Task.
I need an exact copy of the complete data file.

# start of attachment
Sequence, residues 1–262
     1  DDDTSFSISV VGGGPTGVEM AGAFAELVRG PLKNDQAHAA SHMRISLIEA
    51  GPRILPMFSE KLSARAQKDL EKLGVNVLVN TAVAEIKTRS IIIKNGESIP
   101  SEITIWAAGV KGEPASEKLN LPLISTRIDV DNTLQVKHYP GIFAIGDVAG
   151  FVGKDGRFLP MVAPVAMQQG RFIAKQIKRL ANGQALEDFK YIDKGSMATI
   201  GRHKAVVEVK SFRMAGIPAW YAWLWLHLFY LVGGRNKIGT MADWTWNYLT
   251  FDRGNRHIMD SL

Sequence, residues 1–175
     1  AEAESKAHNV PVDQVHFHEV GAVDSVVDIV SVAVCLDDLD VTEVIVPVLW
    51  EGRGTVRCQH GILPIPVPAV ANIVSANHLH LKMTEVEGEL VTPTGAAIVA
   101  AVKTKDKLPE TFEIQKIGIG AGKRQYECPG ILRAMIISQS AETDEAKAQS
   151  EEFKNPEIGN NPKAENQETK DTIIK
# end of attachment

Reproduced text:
Sequence, residues 1–262
     1  DDDTSFSISV VGGGPTGVEM AGAFAELVRG PLKNDQAHAA SHMRISLIEA
    51  GPRILPMFSE KLSARAQKDL EKLGVNVLVN TAVAEIKTRS IIIKNGESIP
   101  SEITIWAAGV KGEPASEKLN LPLISTRIDV DNTLQVKHYP GIFAIGDVAG
   151  FVGKDGRFLP MVAPVAMQQG RFIAKQIKRL ANGQALEDFK YIDKGSMATI
   201  GRHKAVVEVK SFRMAGIPAW YAWLWLHLFY LVGGRNKIGT MADWTWNYLT
   251  FDRGNRHIMD SL

Sequence, residues 1–175
     1  AEAESKAHNV PVDQVHFHEV GAVDSVVDIV SVAVCLDDLD VTEVIVPVLW
    51  EGRGTVRCQH GILPIPVPAV ANIVSANHLH LKMTEVEGEL VTPTGAAIVA
   101  AVKTKDKLPE TFEIQKIGIG AGKRQYECPG ILRAMIISQS AETDEAKAQS
   151  EEFKNPEIGN NPKAENQETK DTIIK